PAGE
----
By Bud Wilkinson of RIDE-CT.com
Nick Lingenheld’s yard in Harwinton, CT is filled with his motorized acquisitions, all in various states of decay. There are Wheel Horse, Beaver and Speedex lawn tractors, a Harley-Davidson golf cart made more than three decades ago when AMF owned the company, and two 1974 Arctic Cat snowmobiles that sit on a trailer. Getting rolled from the bed of his pickup truck this afternoon and added to the collection of detritus was a rust and red Cushman scooter.
“It’s so ugly, it’s beautiful,” said Lingenheld as he assessed the step-through scooter, which he believes is a 1946 model. He purchased it from a man in Litchfield for $600. “I dug that up out of the back of chicken coop. I’ve always wanted one. I finally found one,” he said.
Lingenheld picked it up on Monday and has been riding around with it in his pickup. When he stopped at a pharmacy in Torrington, CT on this morning, he said it drew a half-dozen gawkers. It likewise attracted attention outside the Daily Mart in Harwinton at noon-hour. “I’m amazed at how many people go gaga over the thing,” Lingenheld said.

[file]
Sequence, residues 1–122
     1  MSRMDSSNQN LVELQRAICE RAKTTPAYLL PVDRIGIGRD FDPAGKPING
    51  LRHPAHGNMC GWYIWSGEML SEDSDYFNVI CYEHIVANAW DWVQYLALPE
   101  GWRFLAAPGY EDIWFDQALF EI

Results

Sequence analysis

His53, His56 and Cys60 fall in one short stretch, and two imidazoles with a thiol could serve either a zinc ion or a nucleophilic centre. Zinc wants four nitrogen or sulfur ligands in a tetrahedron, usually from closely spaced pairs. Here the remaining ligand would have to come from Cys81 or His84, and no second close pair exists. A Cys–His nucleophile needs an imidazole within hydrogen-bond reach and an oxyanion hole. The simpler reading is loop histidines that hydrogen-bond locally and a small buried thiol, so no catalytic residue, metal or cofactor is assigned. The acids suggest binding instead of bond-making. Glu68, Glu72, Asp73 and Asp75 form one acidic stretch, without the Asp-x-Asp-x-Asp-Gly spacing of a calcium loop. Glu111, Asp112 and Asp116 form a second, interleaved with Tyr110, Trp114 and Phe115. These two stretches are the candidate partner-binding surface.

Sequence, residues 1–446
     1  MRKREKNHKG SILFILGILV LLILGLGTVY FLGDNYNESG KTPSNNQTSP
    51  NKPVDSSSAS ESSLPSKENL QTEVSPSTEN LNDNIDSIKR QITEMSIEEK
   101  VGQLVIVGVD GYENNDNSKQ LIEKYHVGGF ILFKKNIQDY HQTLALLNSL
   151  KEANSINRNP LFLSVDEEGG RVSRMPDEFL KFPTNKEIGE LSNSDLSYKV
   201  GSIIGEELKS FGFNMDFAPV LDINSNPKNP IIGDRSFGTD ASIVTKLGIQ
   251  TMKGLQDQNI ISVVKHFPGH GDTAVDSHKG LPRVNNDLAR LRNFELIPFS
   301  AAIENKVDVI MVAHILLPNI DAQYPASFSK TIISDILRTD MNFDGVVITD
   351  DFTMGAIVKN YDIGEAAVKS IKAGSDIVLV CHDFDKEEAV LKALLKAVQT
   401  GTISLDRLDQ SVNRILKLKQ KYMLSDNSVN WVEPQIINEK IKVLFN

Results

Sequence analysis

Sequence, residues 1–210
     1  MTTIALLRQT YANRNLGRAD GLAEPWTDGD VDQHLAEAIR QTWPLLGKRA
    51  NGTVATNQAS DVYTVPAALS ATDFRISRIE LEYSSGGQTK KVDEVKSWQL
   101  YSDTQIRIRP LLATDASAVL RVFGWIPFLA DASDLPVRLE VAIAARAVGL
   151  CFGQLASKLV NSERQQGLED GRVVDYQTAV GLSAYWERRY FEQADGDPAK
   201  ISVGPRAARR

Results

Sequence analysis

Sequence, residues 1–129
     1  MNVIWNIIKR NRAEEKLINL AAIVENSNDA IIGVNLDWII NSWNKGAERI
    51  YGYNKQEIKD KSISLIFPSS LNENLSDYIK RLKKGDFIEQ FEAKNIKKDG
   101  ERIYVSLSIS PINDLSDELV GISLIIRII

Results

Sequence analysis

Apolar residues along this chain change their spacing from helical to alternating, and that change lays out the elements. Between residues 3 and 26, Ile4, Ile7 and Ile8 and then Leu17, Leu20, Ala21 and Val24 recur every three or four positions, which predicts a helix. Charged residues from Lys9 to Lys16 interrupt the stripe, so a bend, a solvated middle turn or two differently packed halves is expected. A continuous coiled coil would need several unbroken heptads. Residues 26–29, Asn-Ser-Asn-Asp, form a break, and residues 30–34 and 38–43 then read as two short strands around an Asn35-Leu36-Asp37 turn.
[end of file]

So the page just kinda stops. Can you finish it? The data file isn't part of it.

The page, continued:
With its inverted bathtub rear section, thin handlebar and kick-start lever coming off the front of the motor, the Cushman “Auto-Glide” is a one of a kind ride. Doc’s Motorcycle Parts in Waterbury has a similar 1948 model on display inside the store. “The Cushmans were like light, compact, rugged scooters. They were used by the military during World War II. They were very popular back then. They were pretty affordable,” said Michael “Mike Doc” D’Occhio.
Lingenheld’s affection for Cushmans dates back to childhood when a friend owned one that they would ride. In the late 1960s, he worked as a teenager at Canton Public Golf Course and the course maintenance department had a pair of three-wheeled models for zipping around the layout. That furthered his interest in them. “They’re simple; not much to them; kind of a glorified mini-bike,” he said.
Cushman built scooters from the mid-1930s through the mid-1960s. Models like Lingenheld’s were advertized as “The World’s Best Buy in low-cost transportation.” Nicely refurbished and running, they can now sell for more than $3,000.
Lingenheld’s acquisition needs a lot of work. It’s rusting in many places, its seat is missing fabric and the foam padding has been gnawed. Fortunately, the motor isn’t seized. “Not great, but decent compression. It definitely needs tires,” he said.
Lingenheld’s plans for the Cushman are uncertain. He’s debating whether to fix it up and keep it or to quickly sell it at a profit. “I’d really like to keep it. I’d like to get it running,” he said.